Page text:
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Black River (New York) facts for kids

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Black River
The Black River's Great Falls, Watertown, New York.
A map of the Black River watershed
Country United States
State New York
Physical characteristics
Main source North Lake
Herkimer County, New York, Adirondack Mountains
1,850 ft (560 m)
River mouth Lake Ontario
Dexter, Jefferson County
246 ft (75 m)
Length 125 mi (201 km)
Basin features
Progression Lake OntarioSaint Lawrence RiverGulf of Saint Lawrence
River system Lake Ontario drainage basin
Basin size 1,920 sq mi (5,000 km2)

The Black River is a 125-mile-long (201 km) blackwater river that empties into the eastern end of Lake Ontario on the shore of Jefferson County, New York in the United States. The origin of the name is not clear, but it may stem from the natural tannic acid that darkens the water in places. The river flows in a generally northwest direction, with its valley dividing the Adirondack Mountains on the east from the Tug Hill region to the west.


Black River, New York, Nov 2015
The cascade of a small tributary entering the Black River just south of NY Route 3, in the Village of Black River.

The Black River originates at North Lake in the foothills of the Adirondacks, in Herkimer County, about 25 miles (40 km) east of Boonville. The river flows west into Oneida County then north, past Forestport and Boonville into Lewis County. At Lyons Falls, it is joined by the Moose River from the east just above the eponymous waterfall, where the river drops 70 feet (21 m) over a gneiss cliff.

Near Glenfield the Black River receives the smaller tributaries of Otter Creek and the Independence River, also from the east. Further north, it passes Lowville, then receives the Beaver River from the east, then the Deer River, its only major western tributary. Starting above Carthage the river briefly divides Lewis and Jefferson Counties before crossing entirely into Jefferson County, where it turns sharply west toward Lake Ontario, flowing past Great Bend, Black River and Watertown. Below Watertown it enters a canyon, well known for its challenging rapids.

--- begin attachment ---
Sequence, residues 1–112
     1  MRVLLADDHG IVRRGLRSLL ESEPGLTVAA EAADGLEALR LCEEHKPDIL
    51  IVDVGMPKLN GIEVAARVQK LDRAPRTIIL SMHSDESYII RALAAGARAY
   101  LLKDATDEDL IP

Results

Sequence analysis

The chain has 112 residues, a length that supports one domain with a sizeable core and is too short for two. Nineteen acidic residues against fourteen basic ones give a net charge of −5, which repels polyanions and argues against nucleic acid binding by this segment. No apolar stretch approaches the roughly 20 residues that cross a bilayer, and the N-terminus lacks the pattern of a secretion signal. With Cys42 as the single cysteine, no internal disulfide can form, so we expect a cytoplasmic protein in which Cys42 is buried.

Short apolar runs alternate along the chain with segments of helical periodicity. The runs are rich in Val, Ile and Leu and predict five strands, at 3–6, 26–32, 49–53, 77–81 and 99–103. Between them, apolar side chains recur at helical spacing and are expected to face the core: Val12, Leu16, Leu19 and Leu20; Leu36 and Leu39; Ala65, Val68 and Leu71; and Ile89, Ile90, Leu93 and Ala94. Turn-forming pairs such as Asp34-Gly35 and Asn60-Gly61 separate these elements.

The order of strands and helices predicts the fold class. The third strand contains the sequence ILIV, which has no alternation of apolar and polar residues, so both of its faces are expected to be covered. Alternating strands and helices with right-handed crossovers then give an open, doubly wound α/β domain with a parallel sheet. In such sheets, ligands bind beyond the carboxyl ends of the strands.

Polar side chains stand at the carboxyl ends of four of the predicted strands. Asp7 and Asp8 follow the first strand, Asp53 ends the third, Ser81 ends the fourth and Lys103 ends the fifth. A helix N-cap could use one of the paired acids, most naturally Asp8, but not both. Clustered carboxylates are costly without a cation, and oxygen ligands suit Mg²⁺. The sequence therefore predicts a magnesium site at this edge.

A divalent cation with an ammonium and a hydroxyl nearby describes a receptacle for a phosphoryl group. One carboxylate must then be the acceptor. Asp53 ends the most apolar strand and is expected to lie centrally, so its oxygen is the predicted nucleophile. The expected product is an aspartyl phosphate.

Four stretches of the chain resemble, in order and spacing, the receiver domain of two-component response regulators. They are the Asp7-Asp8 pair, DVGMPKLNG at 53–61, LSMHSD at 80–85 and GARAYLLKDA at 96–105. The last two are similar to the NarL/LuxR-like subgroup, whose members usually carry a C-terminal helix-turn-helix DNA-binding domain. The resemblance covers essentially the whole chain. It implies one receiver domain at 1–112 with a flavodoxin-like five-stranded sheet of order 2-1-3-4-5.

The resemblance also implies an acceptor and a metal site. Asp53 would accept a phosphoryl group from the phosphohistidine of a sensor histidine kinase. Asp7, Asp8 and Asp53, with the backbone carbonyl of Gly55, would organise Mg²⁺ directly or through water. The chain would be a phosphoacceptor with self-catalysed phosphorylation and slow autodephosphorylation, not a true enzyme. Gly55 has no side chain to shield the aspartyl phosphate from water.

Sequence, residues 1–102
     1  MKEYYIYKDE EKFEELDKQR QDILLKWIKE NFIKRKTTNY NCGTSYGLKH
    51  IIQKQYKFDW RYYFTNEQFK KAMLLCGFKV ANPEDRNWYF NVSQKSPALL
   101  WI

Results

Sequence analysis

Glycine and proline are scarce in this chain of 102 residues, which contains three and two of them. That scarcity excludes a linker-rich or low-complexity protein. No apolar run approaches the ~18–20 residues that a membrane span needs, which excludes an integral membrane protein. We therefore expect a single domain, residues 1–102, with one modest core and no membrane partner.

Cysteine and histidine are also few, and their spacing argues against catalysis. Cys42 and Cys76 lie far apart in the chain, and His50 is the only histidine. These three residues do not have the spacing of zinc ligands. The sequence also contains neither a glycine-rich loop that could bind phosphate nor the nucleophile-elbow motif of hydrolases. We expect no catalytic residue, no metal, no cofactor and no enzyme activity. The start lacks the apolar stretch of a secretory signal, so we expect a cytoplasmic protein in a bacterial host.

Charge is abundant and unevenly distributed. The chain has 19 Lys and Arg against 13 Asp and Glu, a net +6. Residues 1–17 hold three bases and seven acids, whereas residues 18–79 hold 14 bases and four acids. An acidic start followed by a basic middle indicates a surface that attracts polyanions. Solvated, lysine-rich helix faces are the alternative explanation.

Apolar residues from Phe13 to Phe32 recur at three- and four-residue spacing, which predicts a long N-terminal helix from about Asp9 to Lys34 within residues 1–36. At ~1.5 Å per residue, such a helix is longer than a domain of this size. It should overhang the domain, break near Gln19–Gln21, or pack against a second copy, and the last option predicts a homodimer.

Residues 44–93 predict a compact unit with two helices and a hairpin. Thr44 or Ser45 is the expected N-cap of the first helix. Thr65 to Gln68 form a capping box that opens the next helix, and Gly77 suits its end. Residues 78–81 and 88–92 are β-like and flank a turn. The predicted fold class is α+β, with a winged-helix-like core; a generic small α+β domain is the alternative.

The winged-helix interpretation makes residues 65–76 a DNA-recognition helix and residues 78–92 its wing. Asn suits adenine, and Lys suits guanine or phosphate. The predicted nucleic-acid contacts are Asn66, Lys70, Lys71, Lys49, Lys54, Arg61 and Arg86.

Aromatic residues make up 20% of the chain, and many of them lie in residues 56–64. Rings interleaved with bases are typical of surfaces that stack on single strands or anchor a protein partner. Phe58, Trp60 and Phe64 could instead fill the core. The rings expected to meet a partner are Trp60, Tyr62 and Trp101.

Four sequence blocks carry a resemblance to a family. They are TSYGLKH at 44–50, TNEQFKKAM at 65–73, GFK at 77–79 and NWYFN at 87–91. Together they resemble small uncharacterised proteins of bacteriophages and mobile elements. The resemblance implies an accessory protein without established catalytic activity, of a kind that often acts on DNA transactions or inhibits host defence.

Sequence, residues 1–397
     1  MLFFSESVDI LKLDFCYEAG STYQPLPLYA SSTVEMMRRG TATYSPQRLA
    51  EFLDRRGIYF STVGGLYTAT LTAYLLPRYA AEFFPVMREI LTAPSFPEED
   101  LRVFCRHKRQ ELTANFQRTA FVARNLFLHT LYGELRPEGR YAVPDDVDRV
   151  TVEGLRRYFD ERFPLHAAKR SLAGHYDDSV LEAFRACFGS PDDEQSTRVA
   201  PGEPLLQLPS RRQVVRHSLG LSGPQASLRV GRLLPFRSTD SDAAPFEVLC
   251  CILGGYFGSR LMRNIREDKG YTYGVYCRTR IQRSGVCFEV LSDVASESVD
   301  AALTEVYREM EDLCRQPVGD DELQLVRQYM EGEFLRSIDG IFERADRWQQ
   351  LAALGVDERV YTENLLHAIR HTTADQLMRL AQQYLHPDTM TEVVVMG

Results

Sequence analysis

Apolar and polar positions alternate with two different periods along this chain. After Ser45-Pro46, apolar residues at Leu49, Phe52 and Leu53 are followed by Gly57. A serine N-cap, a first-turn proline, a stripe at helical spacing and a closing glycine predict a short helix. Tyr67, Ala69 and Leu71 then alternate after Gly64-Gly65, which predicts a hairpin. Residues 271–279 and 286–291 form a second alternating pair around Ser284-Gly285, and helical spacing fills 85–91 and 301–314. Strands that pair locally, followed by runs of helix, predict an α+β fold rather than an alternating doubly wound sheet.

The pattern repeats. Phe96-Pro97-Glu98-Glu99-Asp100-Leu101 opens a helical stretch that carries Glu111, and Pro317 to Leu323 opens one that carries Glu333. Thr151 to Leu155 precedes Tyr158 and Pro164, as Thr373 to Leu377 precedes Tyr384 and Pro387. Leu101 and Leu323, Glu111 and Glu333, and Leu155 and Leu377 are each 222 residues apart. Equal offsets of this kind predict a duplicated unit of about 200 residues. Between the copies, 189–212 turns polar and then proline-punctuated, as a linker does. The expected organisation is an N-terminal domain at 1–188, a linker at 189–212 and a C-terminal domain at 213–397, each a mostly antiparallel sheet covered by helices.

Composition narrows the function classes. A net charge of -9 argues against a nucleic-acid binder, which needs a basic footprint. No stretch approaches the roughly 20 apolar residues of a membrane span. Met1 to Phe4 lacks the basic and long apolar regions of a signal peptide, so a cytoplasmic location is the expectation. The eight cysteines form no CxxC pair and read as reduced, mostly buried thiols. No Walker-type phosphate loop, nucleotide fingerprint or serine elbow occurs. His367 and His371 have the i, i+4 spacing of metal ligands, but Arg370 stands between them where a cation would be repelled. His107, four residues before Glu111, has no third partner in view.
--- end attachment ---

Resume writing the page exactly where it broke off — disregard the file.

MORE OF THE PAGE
Black River, looking North at the Rte 3 Bridge, NOV 15
Looking north at the bridge over NY Route 3.

The river ends at Lake Ontario in the village of Dexter, about 10 miles (16 km) west of Watertown, where it empties into the Black River Bay and Marsh, which are parts of the Golden Crescent. For the last few miles it forms the boundary between the Towns of Brownville and Hounsfield.


There are at least 17 dams on the Black River, with eight in the upper part above Lyons Falls, and nine below Watertown. The upper and lower reaches of the river have a steep gradient and were originally developed to provide mechanical power for mills, such as the old Georgia-Pacific paper mill (which now sits abandoned and falling into disrepair) in Lyons Falls, and later hydroelectricity. In contrast the middle 40 miles (64 km) of the river have practically no gradient and are not suitable to the development of head for industrial or hydropower projects.

The three uppermost dams, forming North Lake, Kayuta Lake and the smaller Forestport Reservoir are the only structures forming significant impoundments. The other dams are run-of-the-river, with no appreciable storage capacity, so power generation is entirely dependent on the natural flow of the river combined with releases from upstream reservoirs, which is relatively consistent except for drought years.

Sporting activities

The river is an excellent location for fishing. Abundant trout, salmon, bass, and pike are present in the stream, and salmon is the most favored.

Whitewater rafting and kayaking are popular on some stretches of the river, notably the Black River Canyon, which begins in Watertown and ends in Brownville. The Black River Canyon is one of few whitewater streams which have reliable flows throughout the summer. The "Canyon" itself is not actually present until you reach Brownville and ends in the Dexter Reservoir.

Environmental issues

A number of streams and lakes in the watershed have been impaired as a result of acid rain. Elevated levels of mercury have led to restrictions on the consumption of fish in some areas.

In August 2005, the Black River was contaminated by a spill from a manure lagoon on Marks Dairy Farm (a concentrated animal feeding operation near Lowville) when a retaining wall gave way, allowing the contents of a waste holding pond to spill. About 3 million US gallons (11,000 m3) of pollution flowed into the river. An estimated 280,000 to 375,000 fish were killed.

As of August 3, 2006 a settlement has been reached and Marks Dairy Farm, originator of the spill, was ordered to pay $2.2 million.


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